Presently 63 women political prisoners are held in Hasharon and Damoon prisons. Some are as young as 14. They are subjected to humiliating treatment, including strip searches, sometimes in the presence of men.

Pregnant women are forced to deliver their babies in prison cells where these infants continue to live with their mothers for years. Since 1967 the Israeli army has captured more than 10,000 Palestinian women. Eight hundred were kidnapped during the al-Aqsa Intifada in September 2000.

The Israeli Defense Forces have kidnapped a total of 7,600 children, male and female, since 2000. Some were as young as 12 years old. According to IPS February 2009 reports, there were 374 Palestinian children in jail; 50 were under 16 years old.

The Israeli army considers children age 16 to be adults. This is in violation of the U.N. Convention on the Rights of the Child, to which Israel is a signer.

These children are also subjected to torture and forced confession. Many are held in jails with adult prisoners and subjected to sexual and physical violence. They may be denied family visits, deprived of medical care, and suffer from theft of personal belongings. They are also deprived of education, recreation facilities and culture, and are tortured during attempts to coerce them to collaborate with Israel.

Like Black and Latino/a prisoners in the U.S., most incarcerated Palestinians are held in jails far from their homes. Since Hamas was elected in 2006, Israel has outlawed family visits to prisoners.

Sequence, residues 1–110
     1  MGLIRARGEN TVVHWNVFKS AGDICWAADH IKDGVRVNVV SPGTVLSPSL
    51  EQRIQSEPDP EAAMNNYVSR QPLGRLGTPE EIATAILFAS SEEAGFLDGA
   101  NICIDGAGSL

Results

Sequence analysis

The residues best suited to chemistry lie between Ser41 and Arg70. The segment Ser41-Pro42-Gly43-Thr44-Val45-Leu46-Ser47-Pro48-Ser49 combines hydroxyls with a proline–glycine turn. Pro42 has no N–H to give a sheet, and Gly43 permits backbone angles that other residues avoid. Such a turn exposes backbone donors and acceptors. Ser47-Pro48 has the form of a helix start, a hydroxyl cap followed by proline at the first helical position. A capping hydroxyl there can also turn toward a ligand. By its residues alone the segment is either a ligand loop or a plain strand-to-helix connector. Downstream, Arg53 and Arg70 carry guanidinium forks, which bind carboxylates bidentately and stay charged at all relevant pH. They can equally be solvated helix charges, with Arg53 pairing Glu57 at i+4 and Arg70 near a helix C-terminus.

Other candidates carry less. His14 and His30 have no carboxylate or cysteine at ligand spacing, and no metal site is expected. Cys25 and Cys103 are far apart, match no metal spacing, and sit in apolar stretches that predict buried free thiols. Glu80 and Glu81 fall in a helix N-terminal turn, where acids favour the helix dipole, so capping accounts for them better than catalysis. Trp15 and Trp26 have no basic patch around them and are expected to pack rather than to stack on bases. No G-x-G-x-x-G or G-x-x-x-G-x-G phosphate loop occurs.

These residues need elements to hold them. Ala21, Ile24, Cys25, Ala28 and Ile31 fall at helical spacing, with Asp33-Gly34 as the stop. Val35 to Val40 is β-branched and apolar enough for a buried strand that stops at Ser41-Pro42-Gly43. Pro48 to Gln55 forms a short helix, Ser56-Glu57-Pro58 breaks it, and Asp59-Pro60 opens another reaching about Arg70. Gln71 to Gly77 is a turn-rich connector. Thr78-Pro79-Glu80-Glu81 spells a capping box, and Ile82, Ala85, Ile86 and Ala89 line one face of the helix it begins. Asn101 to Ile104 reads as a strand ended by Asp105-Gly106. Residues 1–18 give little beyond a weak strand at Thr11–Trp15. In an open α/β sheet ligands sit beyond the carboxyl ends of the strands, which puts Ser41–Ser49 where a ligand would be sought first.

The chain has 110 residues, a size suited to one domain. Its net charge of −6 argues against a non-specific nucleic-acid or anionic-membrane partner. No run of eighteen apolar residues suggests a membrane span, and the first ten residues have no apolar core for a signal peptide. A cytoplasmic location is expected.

Also like the U.S., Israel has enacted a new status called “unlawful combatant.” This legalizes the detention of Lebanese and Arab prisoners even when there is no evidence for trial. This law is now applied to the people of Gaza.

Palestinians in Gaza hold one Israeli soldier prisoner. They have offered to exchange him for those held by Israel. While using this prisoner as an excuse for its wars on the people of Gaza, Israel has refused to negotiate any prisoner exchange.

Palestinian prisoners have a long history of resistance in Israeli jails. They have organized hunger strikes to protest violent attacks on prisoners and denial of visits and medical care. In some cases thousands of prisoners have participated. The Israeli police and security forces have responded with great brutality.

The prisoners demonstrated their solidarity with the rest of Gaza during the July 2006 war on Lebanon and during the Israeli war and massacre in Gaza that began in December 2008.

The Palestinian people are requesting that the international community call protests and launch long-term campaigns to end the incarceration of Palestinians in Israeli prisons as part of full liberation for the people of Palestine.

Eolis is an anti-Zionist Jewish woman who was a delegate on the Viva Palestina U.S. convoy to Gaza this July. Many statistics come from the blog of the International Campaign of Solidarity with the Palestinian Prisoners.